INDIAN PRIME Minister Dr. Manmohan Singh on Sept. 8 expressed surprise but denied embarrassing neighbor Bangladesh when India at the last minute ditched an expected deal on international river water sharing.
India scrapped a much-hyped deal to share with Bangladesh water from the Teesta River after the chief minister of the Indian state of West Bengal, Mamata Banerjee, opposed the pact at the last minute. West Bengal borders Bangladesh.
Speaking with Indian correspondents on board the airplane returning to New Delhi on Sept. 9 night, Singh said all technicalities of the Teesta water-sharing accord were settled and Banerjee had been consulted. He mentioned that Banerjee disagreed with the quantity of water sharing in peak and lean period.
Indian leader did not hesitate to mention that Banerjee disagreed with the quantity of water sharing in peak and lean period.
The Indian prime minister was in Bangladesh for a two-day official visit during the beginning of the week and signed eight MoU’s and one protocol to bring the bilateral relations to new heights as described by the officials.
The 196 miles long international river Teesta crisscross through India and flows through the Bangladesh floodplain, which is crucial for irrigation for major cash crops for one of the world’s largest hungry population.
Meanwhile, Bangladesh holds India responsible for failure to ink an agreement on equitable sharing of Teesta waters but is still hopeful of a pact within three months.
In strong words, the Bangladesh foreign secretary Mohamed Mijarul Quayes told journalist on Thursday that India would have to share responsibility for the failure.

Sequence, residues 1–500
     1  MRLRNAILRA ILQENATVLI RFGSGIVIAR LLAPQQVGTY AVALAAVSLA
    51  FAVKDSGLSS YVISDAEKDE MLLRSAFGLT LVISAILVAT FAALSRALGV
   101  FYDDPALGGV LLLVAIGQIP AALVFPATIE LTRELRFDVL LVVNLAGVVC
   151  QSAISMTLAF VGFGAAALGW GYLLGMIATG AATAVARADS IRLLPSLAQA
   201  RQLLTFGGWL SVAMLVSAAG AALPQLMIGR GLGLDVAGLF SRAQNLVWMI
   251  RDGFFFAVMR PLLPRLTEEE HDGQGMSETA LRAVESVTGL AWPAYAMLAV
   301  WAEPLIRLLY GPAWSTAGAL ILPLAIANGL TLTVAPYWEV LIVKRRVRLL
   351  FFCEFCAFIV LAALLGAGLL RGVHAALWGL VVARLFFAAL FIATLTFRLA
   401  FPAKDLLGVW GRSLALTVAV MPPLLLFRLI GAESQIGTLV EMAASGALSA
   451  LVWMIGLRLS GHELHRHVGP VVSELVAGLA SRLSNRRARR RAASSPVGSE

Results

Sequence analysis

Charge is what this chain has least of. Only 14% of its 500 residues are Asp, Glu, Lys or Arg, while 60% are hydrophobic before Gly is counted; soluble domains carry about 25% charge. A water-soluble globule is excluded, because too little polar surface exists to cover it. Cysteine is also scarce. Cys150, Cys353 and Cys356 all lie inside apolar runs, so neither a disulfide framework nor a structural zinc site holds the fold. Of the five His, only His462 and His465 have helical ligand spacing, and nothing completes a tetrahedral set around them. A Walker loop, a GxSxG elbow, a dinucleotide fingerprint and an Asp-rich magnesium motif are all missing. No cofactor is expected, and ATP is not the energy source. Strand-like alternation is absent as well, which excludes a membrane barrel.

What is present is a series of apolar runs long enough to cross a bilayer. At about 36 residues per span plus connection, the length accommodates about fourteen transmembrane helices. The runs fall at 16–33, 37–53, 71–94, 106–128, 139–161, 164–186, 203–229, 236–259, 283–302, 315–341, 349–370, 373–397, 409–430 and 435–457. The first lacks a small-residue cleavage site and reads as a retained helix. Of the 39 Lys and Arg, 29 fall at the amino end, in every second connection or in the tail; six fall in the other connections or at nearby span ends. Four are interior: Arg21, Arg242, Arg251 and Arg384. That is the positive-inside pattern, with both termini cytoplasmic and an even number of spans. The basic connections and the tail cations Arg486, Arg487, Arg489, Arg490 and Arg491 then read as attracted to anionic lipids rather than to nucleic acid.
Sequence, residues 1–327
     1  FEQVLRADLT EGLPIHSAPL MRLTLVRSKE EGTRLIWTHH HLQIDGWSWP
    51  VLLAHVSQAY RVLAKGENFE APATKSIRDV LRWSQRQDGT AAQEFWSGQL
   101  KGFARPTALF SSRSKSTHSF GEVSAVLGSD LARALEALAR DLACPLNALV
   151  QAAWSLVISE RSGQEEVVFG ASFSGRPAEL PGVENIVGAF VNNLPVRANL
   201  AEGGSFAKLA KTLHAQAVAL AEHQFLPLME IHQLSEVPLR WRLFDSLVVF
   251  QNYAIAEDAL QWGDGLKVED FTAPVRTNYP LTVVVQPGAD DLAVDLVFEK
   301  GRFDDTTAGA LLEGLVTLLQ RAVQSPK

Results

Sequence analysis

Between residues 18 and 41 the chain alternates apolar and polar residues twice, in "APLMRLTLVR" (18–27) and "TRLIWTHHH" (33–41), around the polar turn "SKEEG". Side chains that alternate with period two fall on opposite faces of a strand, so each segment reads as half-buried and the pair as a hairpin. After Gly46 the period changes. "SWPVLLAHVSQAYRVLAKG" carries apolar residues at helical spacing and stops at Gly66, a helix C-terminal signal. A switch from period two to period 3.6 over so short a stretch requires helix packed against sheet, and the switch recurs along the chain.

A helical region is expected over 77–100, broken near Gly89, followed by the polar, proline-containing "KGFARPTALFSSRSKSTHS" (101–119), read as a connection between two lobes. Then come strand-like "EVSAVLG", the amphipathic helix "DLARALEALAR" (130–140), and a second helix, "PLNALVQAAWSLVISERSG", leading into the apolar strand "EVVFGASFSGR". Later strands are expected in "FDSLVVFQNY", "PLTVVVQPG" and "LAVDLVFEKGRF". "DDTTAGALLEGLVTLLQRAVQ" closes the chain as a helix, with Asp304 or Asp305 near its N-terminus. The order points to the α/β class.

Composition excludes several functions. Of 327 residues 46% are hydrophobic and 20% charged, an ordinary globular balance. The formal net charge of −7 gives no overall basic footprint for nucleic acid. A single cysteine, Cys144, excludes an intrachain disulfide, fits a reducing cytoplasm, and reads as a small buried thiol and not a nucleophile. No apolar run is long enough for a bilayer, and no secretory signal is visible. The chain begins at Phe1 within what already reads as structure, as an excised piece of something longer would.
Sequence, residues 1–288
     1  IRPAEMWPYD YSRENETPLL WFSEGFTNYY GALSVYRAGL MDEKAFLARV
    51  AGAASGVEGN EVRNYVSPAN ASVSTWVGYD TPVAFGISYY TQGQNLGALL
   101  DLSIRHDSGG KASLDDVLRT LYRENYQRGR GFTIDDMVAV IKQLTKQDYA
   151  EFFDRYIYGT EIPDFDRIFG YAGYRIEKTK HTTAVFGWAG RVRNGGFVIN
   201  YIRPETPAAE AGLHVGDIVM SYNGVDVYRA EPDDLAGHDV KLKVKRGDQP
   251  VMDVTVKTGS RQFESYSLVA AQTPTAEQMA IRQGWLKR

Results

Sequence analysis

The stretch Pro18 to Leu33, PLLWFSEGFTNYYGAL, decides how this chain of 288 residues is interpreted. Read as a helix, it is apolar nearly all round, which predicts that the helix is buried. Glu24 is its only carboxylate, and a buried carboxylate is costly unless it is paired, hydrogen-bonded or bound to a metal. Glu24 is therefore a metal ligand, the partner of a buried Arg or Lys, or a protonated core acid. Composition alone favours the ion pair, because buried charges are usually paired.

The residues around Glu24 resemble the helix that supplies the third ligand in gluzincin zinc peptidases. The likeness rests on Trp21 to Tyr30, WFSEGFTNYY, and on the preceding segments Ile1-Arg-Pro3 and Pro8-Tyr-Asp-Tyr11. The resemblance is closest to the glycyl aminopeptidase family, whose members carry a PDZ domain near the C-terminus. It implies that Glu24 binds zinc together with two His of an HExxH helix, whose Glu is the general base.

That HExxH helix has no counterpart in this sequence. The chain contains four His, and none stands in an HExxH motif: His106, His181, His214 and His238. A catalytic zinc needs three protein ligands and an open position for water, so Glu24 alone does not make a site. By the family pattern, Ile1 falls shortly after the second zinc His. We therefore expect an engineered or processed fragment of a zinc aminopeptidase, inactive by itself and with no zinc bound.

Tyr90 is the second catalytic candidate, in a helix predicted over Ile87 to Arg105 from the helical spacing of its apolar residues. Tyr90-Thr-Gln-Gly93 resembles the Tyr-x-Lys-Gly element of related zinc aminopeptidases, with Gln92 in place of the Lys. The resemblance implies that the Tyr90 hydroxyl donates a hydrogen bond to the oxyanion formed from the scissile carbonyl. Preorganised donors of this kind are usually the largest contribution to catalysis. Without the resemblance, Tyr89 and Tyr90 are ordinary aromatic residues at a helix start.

A prestigious English newspaper Daily Star writes in its Thursday edition, Bangladesh-India relations are far too important and goodwill between us far too precious for us to judge our ties on the basis of just one trip.
On the other hand, the main opposition Bangladesh Nationalist Party on Thursday said the visit of Indian prime minister Manmohan Singh has failed and did not yield anything worth for Bangladesh.
A senior leader Mirza Fakhrul Islam Alamgir, acting secretary-general of the party squarely blames the government for what it says inept diplomacy for the failure.
Saleem Samad, an Ashoka Fellow is an award winning investigative journalist based in Bangladesh. He specializes in Jihad, forced migration, good governance and elective democracy. He has recently returned from exile after living in Canada for six years. He could be reached at firstname.lastname@example.org